Phil Tank: Sask. The party lacks subtlety with checks, call for by-elections

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Saskatoon Meewasin’s by-election could hinge on whether people like or feel insulted by the government sending out $500 checks.

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Nobody ever said that politics was called a subtle activity.

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But the Saskatchewan Party may have set a new standard for flagrantness by announcing it is sending $500 checks to eligible adults, then calling a by-election for the vacant Saskatoon Meewasin seat less than a week later. late.

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You have heard of a pre-election budget. Classify this as a pre-election budget adjustment.

Sure, politicians are often accused of buying votes or using taxpayers’ money to bribe them, but this seems to be reaching a new level, especially for a by-election.

Saskatchewan Party by-election candidate Kim Groff launched a Twitter account last month; As of this writing, the only message was a share of the Saskatchewan Party account advertising the “affordability check”.

And people view politics with cynicism.

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The Saskatchewan Party hopes people will forget that other provinces provided inflation relief months earlier, once it became clear that rising costs were hurting people.

This government waited to serve its own political interests before helping people.

But it might work, because people’s memories are short. Although only adults who have filed their 2021 tax returns by the end of October will receive the money.

Saskatoon Meewasin can be a tough seat to call, regardless.

The riding had been represented by incumbent NDP leader Ryan Meili since winning it convincingly in a by-election five years ago with 54% of the vote.

Then Meili barely retained the seat in the 2020 elections, with just over half of the vote. Support for the Saskatchewan Party has increased as its candidates received less than 40% of the vote in the 2017 by-election (Brent Penner) and 46% in the 2020 election (Rylund Hunter).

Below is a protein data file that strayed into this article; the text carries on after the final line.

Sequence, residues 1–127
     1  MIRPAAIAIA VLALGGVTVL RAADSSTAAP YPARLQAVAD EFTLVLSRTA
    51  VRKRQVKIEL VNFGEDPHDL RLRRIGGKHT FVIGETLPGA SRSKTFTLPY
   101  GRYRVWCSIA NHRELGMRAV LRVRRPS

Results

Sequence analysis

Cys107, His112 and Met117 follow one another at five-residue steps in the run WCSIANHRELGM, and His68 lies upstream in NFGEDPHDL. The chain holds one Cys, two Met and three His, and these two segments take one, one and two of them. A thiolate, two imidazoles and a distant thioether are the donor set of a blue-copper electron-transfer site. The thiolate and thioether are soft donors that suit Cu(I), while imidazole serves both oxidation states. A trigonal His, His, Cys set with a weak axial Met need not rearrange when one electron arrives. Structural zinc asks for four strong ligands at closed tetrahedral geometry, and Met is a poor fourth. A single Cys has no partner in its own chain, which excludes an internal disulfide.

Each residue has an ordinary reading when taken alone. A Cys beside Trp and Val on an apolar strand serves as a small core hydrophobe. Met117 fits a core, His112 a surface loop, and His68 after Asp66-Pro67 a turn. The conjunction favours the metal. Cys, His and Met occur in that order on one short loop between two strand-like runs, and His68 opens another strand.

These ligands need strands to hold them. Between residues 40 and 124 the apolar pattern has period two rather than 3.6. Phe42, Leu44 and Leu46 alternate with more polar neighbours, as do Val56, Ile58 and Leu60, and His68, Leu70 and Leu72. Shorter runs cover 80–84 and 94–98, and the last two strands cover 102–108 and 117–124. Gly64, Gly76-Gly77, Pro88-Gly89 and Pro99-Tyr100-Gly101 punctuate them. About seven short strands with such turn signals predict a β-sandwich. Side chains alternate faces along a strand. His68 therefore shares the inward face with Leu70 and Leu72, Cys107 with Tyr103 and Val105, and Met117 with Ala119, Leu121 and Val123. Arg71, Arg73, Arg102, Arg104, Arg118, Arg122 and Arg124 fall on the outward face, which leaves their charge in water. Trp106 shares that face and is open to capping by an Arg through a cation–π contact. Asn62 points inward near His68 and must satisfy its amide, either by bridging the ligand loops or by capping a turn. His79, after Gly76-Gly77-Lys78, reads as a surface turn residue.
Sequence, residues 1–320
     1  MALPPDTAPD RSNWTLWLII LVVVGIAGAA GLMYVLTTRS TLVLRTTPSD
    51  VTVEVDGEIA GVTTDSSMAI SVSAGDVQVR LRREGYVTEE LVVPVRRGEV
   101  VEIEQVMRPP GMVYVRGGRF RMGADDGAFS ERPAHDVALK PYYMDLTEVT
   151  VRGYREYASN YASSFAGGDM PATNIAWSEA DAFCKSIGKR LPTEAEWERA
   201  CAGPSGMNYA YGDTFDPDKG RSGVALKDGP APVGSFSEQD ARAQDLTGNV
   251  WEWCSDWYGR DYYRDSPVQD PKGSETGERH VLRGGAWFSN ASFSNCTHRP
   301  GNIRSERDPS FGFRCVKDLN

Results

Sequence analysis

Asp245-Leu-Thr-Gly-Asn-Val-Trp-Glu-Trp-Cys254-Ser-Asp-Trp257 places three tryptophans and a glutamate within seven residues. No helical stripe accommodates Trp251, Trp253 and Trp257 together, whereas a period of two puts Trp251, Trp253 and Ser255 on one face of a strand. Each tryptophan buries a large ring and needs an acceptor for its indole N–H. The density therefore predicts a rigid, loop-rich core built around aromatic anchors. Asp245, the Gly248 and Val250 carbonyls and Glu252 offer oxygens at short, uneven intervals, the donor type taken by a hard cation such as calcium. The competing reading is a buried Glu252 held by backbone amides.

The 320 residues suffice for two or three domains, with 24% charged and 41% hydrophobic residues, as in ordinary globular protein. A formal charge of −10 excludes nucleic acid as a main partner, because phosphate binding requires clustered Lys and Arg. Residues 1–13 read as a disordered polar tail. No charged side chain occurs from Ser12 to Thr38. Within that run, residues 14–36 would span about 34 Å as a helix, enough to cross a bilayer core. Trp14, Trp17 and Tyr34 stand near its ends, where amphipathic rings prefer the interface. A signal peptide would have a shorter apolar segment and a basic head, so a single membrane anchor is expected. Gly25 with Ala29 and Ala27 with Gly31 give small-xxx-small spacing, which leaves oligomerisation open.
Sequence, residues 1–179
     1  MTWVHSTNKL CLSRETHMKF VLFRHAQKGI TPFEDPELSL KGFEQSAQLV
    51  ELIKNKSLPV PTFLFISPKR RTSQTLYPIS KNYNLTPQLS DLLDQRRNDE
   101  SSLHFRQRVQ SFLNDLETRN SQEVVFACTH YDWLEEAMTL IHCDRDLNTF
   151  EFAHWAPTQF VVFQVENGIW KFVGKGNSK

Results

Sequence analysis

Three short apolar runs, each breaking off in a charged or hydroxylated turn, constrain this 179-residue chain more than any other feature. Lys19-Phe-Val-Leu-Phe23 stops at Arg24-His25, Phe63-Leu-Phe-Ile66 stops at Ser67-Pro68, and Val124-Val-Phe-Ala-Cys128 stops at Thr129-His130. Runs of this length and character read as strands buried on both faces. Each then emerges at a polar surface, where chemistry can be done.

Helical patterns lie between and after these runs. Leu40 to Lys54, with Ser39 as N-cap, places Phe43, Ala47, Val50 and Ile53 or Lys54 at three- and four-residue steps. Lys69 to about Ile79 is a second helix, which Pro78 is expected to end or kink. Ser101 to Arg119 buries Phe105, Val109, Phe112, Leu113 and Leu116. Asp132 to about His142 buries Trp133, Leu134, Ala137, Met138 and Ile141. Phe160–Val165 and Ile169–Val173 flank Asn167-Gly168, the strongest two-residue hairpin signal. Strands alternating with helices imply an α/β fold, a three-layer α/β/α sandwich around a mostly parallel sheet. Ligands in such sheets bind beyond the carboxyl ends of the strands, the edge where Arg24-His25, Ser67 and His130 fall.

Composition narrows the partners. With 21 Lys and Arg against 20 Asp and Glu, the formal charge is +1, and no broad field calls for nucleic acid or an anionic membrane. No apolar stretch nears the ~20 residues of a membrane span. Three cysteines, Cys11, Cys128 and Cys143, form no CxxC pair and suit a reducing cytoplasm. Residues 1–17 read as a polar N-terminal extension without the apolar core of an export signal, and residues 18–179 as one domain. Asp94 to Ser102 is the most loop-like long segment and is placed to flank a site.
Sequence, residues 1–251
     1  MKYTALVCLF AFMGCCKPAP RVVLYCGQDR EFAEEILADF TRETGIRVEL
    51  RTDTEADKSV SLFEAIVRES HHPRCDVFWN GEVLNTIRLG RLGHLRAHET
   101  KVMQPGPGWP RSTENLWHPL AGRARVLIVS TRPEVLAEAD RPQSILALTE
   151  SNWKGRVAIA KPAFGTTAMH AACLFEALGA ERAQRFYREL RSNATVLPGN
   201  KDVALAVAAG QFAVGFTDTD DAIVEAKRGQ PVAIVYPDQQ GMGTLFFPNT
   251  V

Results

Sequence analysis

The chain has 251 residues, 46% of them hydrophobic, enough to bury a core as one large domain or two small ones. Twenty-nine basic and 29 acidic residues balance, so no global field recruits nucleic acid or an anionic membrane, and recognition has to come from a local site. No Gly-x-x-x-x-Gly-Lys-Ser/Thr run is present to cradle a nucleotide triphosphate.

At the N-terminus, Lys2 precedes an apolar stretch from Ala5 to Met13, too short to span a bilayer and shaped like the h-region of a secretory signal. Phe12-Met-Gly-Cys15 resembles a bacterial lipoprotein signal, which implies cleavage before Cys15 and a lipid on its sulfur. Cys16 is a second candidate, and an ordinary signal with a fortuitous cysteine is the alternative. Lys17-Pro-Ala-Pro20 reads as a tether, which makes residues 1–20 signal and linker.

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It’s hard to avoid hanging on the decline in support for Meili and his inability to garner support while he was party leader, since Penner was probably better known than Hunter. Meili never kept his promise of victory in the by-elections.

The 2017 by-election was necessitated by the death of Saskatchewan Party MLA Roger Parent, who won the seat convincingly in 2011 and again in 2016 after a failed bid in 2007.

The key to Parent’s victory turned out to be the decline of the Saskatchewan Liberals.

Saskatoon Meewasin featured the province’s last three-way race in 2007, when Liberal Leader David Karwacki finished third with about 30%. Parent placed second and Frank Quennell of the NDP won with 35 percent.

In 2011, the Liberal candidate finished fourth, with less than 2% of the vote behind the Green Party candidate. The collapse of Liberal support seems to have benefited Parent.

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Prior to Parent’s victory, the NDP had held the seat since its inception in the 1995 election. The riding has a history as an NDP stronghold, but transitioned to the Saskatchewan Party prior to Meili’s victory.

Liberal Leader Darrin Lamoureux also ran in the 2017 by-election, but finished a distant third with less than 4%.

Now the Liberal leader is running again in Saskatoon Meewasin. This time it’s Jeff Walters trying to get the party started again; if he does well on Sept. 26, it will likely mean he has siphoned off support from the Saskatchewan Party, based on previous voting patterns.

There is also the Buffalo Party and its candidate, Mark Friesen, who hope to enlist the support of the disillusioned right by the Saskatchewan Party.

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It marks a departure for the Buffalo Party, which ran exclusively in the 2020 election in ridings where it could not be accused of splitting the vote and allowing the NDP to emerge victorious.

A good performance by the Buffalo party will embolden its supporters and present the Saskatchewan party with a dilemma: keep going right or appeal to the moderates.

The NDP, represented by Nathaniel Teed, must retain its seat, especially after losing the February by-election in Athabasca, a stronghold of the party.

But that vote can come down to whether people appreciate or are insulted by the $500 checks.

Phil Tank is the digital opinion editor at Saskatoon StarPhoenix.

[email protected]

twitter.com/thinktankSK

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